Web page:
COP21 deal: Indigenous peoples fear rights might be dropped

Voltaire Tupaz –

4 December 2015

PARIS – Representatives of the world’s indigenous peoples took their
fight for their rights to the Blue Zone in Le Bourget, where the 5th day
of climate negotiations are being held.

In a silent protest on Friday morning, December 4, the indigenous
delegation held placards inside the conference venue, demanding that
their rights should remain under the preamble and article 2 of the

They feel that the articulation of their rights should be clear not only
in the statement of principles but also in the operational text.

“There is a risk of indigenous peoples rights getting omitted from the
final agreement,” Lakpa Nuri Sherpa of the Asia Indigenous Peoples Pact
(AIPP) told Rappler.

The US, European Union, and Norway are said to be blocking references to
human rights in Article 2, which includes recognition of indigenous
peoples rights, according to Rukka Sombolinggi, deputy secretary-general
of Aliansi Masyarakat Adat Nusantara (AMAN), an Indonesian NGO.

“We got the information from the negotiations rooms,” she said. “And
we’re afraid that if we don’t give them pressure that reminds them of
their commitments (under) the UN Declaration on the Rights of Indigenous
Peoples, we will probably lose everything here.”

In the first draft that was released Thursday, December 3, Article 2
still mentioned “the respect, protection, promotion and fulfilment of
human rights for all, including indigenous peoples.” (READ: Progress in
Paris: Draft climate change deal is out)

Article 2.2

[This Agreement shall be implemented on the basis of equity and science,
in [full] accordance with the principles of equity and common but
differentiated responsibilities and respective capabilities[, in the
light of national circumstances] [the principles and provisions of the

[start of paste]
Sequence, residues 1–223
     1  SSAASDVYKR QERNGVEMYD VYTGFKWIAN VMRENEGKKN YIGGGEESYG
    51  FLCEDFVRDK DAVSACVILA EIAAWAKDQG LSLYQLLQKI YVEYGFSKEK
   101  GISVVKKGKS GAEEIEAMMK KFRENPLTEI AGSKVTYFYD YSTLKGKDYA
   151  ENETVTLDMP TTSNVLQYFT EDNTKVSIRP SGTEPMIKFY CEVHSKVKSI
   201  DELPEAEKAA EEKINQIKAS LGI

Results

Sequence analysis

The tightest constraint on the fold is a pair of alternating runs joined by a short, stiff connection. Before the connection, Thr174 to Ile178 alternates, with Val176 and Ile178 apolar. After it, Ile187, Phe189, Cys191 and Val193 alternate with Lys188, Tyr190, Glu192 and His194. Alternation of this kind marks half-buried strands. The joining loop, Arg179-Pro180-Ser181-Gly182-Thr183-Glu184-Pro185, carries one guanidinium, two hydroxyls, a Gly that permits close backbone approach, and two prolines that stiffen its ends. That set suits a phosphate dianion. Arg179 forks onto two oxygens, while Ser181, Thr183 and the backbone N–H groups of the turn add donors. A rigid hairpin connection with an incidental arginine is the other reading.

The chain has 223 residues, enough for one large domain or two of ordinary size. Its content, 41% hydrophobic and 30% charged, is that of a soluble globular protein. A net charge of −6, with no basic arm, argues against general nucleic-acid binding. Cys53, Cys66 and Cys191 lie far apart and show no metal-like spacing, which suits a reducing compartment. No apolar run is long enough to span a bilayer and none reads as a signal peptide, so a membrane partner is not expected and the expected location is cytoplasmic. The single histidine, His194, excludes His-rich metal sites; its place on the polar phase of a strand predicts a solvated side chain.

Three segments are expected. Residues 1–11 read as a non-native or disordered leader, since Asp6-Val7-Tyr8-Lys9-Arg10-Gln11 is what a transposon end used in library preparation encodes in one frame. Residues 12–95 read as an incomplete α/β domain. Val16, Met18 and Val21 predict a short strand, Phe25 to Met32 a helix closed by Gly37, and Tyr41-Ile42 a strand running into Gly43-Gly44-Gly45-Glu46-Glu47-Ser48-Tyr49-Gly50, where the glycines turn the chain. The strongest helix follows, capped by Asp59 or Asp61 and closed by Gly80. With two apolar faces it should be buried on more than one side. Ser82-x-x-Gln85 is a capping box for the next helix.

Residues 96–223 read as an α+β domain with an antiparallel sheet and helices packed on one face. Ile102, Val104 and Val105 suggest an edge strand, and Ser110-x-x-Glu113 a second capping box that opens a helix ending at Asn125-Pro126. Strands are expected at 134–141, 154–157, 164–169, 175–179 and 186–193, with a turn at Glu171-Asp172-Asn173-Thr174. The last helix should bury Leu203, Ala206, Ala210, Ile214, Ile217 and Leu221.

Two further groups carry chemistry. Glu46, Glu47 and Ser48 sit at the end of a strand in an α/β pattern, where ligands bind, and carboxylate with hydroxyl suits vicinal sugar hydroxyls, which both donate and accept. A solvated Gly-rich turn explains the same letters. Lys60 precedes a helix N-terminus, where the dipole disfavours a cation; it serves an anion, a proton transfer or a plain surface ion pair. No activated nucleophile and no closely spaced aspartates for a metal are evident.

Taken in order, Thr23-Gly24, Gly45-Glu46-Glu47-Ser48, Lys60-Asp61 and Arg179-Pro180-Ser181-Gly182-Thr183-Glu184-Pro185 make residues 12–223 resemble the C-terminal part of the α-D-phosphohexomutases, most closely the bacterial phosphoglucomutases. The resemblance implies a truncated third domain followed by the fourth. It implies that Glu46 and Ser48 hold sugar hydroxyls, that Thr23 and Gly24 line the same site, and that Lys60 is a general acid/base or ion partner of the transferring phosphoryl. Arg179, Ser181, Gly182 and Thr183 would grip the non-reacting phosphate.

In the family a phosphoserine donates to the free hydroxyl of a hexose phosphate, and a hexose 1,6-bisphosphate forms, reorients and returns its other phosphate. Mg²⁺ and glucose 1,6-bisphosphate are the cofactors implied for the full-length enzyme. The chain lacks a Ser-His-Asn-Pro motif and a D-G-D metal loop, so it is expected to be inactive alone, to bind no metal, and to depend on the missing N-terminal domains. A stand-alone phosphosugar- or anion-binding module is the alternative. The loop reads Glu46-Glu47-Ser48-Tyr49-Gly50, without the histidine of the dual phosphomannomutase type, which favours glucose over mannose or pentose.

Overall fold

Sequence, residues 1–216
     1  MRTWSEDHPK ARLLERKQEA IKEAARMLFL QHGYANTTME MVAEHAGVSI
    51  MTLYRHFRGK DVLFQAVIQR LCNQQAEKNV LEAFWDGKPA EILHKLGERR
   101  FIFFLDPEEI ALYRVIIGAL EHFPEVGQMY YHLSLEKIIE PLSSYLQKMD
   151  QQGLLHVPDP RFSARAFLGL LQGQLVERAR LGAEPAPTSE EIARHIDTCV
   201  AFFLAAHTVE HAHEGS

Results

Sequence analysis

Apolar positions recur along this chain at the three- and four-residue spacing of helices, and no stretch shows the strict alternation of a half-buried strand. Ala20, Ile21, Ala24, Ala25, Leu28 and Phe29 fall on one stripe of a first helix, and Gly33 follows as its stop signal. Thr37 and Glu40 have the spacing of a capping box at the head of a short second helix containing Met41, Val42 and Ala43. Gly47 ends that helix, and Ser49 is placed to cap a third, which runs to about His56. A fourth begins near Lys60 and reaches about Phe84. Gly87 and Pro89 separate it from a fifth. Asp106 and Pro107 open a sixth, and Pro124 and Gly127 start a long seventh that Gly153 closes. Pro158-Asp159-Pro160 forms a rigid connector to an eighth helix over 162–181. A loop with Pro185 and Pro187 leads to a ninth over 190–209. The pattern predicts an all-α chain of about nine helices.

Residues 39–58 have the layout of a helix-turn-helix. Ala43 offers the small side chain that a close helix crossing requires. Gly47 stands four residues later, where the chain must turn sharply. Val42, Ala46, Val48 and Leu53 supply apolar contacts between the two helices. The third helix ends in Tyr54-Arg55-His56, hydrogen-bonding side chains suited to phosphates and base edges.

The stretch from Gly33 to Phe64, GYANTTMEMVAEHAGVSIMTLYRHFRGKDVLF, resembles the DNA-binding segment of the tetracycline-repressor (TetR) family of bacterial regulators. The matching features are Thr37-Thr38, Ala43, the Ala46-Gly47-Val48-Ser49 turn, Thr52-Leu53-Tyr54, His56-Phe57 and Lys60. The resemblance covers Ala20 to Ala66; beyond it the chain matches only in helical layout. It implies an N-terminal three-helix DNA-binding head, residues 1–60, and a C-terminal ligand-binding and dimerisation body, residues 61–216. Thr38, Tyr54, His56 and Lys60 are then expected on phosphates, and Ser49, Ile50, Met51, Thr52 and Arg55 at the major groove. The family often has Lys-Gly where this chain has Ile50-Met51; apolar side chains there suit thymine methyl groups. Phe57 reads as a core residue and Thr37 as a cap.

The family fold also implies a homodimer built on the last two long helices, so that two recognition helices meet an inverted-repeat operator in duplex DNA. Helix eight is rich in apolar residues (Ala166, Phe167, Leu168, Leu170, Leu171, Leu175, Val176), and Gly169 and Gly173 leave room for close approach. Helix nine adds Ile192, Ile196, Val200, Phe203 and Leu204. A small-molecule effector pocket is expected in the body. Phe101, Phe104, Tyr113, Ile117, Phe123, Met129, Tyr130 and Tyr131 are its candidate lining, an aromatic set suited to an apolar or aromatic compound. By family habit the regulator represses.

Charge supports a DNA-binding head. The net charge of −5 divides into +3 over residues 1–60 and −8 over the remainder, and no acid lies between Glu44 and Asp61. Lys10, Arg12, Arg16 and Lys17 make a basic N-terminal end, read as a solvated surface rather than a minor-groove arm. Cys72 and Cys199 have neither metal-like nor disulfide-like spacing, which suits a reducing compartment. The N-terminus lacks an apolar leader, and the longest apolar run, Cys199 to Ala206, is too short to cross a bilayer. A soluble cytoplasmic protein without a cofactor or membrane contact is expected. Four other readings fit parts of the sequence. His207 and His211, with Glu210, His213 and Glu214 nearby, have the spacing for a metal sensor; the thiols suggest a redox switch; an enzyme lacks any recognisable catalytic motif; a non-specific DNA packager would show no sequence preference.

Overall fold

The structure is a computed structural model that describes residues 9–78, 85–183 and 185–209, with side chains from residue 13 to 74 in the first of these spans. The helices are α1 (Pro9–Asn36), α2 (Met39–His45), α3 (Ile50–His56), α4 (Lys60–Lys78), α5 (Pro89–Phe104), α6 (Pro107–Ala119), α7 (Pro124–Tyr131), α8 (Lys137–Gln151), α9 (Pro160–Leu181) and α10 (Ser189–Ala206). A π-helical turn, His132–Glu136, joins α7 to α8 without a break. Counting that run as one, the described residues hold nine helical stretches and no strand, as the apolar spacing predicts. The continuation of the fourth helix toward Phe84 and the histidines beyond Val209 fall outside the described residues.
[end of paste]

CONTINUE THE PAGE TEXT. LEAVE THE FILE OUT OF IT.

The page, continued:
Convention], while ensuring the integrity and resilience of natural
ecosystems, [the integrity of Mother Earth, the protection of health, a
just transition of the workforce and creation of decent work and quality
jobs in accordance with nationally defined development priorities] and
ncluding the right to health and sustainable development, [including the
right of people under occupation] and to ensure gender equality and the
full and equal participation of women, [and intergenerational equity].]

The draft text is heavily bracketed, meaning the wording of various
sections is contested by negotiators from member countries.

Indigenous peoples, who own, occupy or manage about 65% the world’s land
surface, “have been largely excluded” from national climate change
mitigation and adaptation plans, according to the UN Development
Programme (UNDP).

There are at least 370 million indigenous peoples in 90 countries,
comprising 5% of the global population and 15% of the world’s poor, the
UN Permanent Forum on Indigenous Issues reported.

Indigenous proposals

The UN Human Rights Office earlier called on countries “to take action
to protect those who lack the resources to protect themselves, as well
as providing access to effective redress for climate harm.”

“What we want to see is that the response in Paris is one that takes
into account the impacts of climate change on human rights,” it stressed.

About 250 indigenous leaders who engaged in unprecedented consultations
in their regions in the Arctic, North America, Asia, Pacific, Latin
America, and the Caribbean, Russia and Eastern Europe, and Africa
submitted proposals to the ongoing talks. (READ: Indigenous peoples to
world leaders: We carry burden of climate change)

In the document crafted by the International Indigenous Peoples’ Forum
on Climate Change (IIPFCC), they reiterated their resolve to contribute
their traditional knowledge and livelihood to adapt to and mitigate the
effects of climate change. –